I am researching how one might go about making PCIe SSDs accessible as an iSCSI target for a very small 2-3 server network, and using off the shelf DIY components.
A mystery I am trying to answer is why the functions of an iSCSI target cannot be fully handled by a special sort of 10 gigabit NIC only.
As far as I can determine, the iSCSI target merely sends and receives block requests from the initiators and forwards these requests to the appropriate block device or RAID controller. This does not appear to be a hugely complicated task, and can probably be handled by just a few kilobytes of code.
(Yes, of course there is an additional encryption and authentication layer between the intiators and the target, but still this does not seem too hugely complex of a task.)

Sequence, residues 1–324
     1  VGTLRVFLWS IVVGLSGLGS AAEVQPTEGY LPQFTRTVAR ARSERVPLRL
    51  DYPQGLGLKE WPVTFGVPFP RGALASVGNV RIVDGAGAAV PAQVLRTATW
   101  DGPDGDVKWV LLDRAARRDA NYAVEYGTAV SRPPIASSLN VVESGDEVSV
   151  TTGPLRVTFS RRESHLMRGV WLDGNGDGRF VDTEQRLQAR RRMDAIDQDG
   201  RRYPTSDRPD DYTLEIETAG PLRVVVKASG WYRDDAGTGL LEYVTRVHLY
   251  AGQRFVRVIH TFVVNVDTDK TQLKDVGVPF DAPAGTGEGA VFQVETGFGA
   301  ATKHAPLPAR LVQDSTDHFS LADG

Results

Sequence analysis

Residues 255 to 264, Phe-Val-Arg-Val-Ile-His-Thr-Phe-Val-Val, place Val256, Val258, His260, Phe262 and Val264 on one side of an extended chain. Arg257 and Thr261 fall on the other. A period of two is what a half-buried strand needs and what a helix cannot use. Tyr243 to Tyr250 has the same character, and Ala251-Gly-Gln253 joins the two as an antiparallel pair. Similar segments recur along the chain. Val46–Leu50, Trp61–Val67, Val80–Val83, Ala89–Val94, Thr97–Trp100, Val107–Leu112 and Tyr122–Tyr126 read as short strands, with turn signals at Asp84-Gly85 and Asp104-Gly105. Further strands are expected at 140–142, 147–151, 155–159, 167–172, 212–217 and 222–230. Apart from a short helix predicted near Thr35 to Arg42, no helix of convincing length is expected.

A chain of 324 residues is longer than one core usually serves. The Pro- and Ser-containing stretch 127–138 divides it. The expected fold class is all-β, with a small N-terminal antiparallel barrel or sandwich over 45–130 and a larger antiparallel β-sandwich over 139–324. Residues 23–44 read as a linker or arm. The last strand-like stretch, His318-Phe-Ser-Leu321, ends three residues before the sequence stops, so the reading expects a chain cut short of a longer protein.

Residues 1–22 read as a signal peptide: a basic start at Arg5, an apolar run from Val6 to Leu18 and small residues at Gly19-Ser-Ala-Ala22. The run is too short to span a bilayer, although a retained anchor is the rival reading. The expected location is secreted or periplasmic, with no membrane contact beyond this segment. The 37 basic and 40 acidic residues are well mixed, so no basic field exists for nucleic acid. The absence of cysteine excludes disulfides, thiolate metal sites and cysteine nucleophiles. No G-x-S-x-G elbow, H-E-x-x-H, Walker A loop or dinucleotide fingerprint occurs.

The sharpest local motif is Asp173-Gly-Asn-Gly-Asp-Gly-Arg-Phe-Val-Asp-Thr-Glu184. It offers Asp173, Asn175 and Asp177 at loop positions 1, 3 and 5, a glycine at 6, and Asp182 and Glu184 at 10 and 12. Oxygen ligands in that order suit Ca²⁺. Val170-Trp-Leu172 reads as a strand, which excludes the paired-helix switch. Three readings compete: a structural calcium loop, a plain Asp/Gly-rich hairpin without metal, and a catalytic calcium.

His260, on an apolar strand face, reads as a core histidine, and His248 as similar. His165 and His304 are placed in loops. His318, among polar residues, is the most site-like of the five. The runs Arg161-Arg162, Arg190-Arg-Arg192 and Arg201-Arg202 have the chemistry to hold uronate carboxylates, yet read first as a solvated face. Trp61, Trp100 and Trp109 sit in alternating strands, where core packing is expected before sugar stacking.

And so... why does a full Windows or Linux operating system need to be dragged into the picture to provide iSCSI target services? It seems to vastly increase the risks of buggy software and attack surface while minimally providing anything beneficial for the functions of being an iSCSI target.
It seems like all that should be needed is one or more PCIe SSDs and a NIC capable of providing iSCSI services, which is itself set as a boot device for the motherboard and runs the show with no OS installed, and all available space on the PCIe SSDs available for use by the iSCSI initiators.
Also, perhaps I am overcomplicating the issue by looking at a standard full motherboard or server chassis for this application.
Apparently what I should probably be looking for is some sort of high performance 10/40 gigabit NAS device which has no SATA or SAS interfaces, but rather just 2-5 PCIe x8 or x16 slots for inserting PCIe SSDs.